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7 Jun 2012

Change Management – Tactic #6: Guard Employees’ Time

This entry is part 6 of 9 in the series Change Management Tactics

Change Management & Effecting ChangeManagers delegate to their people; sometimes they empower them. Regardless, managers have a tendency to dump. Dumping occurs when managers feel the need to clean their plates. Sometimes this occurs just to demonstrate they acted upon a task assigned to them by saying, “Yes, I’ve assigned it to Mike.” Other times it occurs because some managers just need to feel part of the “clean plate” club or to scratch something off their “To Do List.”

However, when dumping occurs it’s often demoralizing to employees for three main reasons:

  1. Employees usually have other assignments; new ones disrupt priorities
  2. The tasks often are process improvements, better ways of doing current work; too many introduced at once can imply employees weren’t performing well
  3. If current tasks already overwhelm employees, the addition of excess new ones injects frustration and helplessness into the mix

No matter how urgent the tasks or how good the ideas, dumping too many on employees at once are akin to watering plants too much . . . they drown. Thus, to avoid dumping, managers should give employees three things:

  1. Help prioritizing the new tasks with the old
  2. Only a few new tasks at a time, saving the rest for later so employees have a chance to integrate new ones in stages
  3. Time to get the old and new tasks done; tying them up in meetings and discussions about new tasks and changes doesn’t allow them to do their work

After a settling period, managers can introduce the next wave of new tasks or changes. While this might be unsettling for managers who like to announce that they’ve “done” something about a task, for effectiveness sake, they need to be vigilant, disciplined wards of their people’s time.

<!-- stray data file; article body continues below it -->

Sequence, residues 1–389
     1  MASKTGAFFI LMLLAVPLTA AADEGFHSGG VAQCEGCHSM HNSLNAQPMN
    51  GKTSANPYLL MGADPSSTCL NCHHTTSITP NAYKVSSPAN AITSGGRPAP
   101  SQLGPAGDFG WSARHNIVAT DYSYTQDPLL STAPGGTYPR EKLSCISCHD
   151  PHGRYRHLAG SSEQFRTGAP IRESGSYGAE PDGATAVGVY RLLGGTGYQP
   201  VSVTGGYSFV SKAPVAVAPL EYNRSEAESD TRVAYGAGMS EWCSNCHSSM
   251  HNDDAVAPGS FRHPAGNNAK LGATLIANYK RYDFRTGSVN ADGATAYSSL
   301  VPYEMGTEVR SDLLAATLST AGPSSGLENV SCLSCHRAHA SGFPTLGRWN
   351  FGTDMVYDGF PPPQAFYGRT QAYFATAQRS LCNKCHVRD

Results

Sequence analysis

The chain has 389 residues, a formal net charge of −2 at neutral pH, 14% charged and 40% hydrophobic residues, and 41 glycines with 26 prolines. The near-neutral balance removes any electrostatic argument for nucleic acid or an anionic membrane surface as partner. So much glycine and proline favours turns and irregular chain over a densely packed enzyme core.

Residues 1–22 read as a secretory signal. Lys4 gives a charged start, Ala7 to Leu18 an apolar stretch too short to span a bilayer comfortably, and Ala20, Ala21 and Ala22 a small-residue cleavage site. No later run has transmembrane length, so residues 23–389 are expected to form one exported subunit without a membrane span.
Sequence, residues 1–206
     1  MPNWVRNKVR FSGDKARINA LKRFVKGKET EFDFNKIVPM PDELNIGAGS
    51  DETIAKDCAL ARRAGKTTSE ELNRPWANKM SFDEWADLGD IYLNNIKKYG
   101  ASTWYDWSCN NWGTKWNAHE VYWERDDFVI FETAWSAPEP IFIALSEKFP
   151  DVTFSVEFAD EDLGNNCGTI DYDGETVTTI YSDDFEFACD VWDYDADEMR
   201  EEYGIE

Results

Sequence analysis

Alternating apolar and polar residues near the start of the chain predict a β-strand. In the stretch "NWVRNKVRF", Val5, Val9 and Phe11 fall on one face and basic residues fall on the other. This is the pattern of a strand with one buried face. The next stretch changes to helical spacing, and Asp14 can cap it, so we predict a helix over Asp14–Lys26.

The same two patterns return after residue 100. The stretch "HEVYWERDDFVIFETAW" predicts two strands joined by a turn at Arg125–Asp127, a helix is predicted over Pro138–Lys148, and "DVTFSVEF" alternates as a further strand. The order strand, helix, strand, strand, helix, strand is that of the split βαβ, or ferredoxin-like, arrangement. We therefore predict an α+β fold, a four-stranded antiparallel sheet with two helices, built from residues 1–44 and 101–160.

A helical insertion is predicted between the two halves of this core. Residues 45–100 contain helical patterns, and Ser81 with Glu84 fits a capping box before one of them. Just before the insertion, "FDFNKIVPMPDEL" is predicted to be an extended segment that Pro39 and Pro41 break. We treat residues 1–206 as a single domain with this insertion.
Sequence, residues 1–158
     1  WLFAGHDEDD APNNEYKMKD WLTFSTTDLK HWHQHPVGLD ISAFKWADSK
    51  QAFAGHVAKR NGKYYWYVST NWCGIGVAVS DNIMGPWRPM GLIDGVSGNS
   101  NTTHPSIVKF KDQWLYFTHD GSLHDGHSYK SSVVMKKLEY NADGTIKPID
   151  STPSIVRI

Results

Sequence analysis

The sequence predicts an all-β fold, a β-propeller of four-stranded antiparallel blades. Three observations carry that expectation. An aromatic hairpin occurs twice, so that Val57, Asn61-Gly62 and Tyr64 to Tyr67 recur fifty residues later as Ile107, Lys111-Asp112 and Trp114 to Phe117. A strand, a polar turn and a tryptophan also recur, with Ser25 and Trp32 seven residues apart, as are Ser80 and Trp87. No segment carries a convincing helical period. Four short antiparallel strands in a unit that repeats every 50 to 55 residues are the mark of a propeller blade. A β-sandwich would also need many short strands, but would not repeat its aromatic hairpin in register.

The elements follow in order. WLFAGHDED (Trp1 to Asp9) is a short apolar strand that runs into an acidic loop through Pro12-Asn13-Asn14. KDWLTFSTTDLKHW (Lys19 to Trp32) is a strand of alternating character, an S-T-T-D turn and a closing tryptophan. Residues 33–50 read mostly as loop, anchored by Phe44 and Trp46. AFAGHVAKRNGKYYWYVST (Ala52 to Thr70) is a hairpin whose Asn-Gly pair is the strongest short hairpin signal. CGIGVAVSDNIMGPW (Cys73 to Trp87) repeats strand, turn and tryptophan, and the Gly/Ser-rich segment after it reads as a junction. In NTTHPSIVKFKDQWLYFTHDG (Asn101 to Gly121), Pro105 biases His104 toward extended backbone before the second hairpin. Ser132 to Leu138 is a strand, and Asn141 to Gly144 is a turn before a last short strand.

Series Navigation<< Change Management – Tactic #5: Request DemonstrationChange Management – Tactic #7: Setting the Mood >>

2 Responses

  1. Kevin Peter

    Mike, how handy would a time tracker tool come in? I’d love to understand you’re aspect. As a company using these high end technology boon definitely improvizes our process and does ease the burden on the employees as well.

    1. Mike Lehr

      Thank you for visiting and leaving your question, Kevin. A time tracker would help as long as something was done with the information. What this post addresses is that employees are often given more to do without adjusting priorities. That dilutes all the other priorities. If we use the time tracker to accomplish that, then “yes” it would be helpful. If we don’t, then it won’t be helpful.

      As a reminder, I ask this question: “Are we spending more time trying to keep score or trying to score?” Once we know the score, what adjustments do we make?

      Thank you again for visiting, Kevin.

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